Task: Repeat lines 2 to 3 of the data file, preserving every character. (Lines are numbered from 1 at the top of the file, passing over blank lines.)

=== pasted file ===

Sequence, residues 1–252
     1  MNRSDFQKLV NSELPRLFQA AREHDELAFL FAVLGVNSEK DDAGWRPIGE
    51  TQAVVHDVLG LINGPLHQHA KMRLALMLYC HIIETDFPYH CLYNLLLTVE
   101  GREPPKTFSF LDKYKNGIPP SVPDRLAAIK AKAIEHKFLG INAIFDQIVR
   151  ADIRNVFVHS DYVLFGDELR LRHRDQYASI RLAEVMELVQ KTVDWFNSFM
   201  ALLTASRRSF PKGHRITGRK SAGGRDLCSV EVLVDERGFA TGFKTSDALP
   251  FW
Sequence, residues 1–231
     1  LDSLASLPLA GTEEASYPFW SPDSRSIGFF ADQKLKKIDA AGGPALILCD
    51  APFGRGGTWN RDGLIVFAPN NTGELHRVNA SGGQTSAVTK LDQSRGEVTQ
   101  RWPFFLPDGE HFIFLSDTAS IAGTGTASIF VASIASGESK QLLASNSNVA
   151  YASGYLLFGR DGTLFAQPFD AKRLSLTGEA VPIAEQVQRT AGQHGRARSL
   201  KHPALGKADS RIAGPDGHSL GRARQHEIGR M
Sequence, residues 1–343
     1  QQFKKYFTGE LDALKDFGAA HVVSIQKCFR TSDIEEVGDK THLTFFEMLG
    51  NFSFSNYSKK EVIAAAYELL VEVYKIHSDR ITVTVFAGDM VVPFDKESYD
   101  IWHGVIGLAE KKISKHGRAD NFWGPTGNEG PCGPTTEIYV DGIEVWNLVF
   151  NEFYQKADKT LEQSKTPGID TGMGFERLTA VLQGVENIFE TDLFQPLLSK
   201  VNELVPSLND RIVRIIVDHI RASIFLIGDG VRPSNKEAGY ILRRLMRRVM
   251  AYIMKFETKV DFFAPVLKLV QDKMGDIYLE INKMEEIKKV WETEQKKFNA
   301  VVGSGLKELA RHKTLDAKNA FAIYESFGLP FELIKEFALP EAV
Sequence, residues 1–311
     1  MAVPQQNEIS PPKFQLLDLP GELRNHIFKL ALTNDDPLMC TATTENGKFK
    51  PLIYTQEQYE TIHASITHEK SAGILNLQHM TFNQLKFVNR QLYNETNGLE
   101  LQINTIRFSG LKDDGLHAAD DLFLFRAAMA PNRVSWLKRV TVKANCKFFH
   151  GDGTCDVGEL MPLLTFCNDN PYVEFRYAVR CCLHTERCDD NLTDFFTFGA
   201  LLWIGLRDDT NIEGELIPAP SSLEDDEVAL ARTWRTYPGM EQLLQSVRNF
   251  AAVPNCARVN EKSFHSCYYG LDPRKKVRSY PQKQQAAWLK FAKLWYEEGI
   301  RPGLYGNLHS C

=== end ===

     1  MNRSDFQKLV NSELPRLFQA AREHDELAFL FAVLGVNSEK DDAGWRPIGE
    51  TQAVVHDVLG LINGPLHQHA KMRLALMLYC HIIETDFPYH CLYNLLLTVE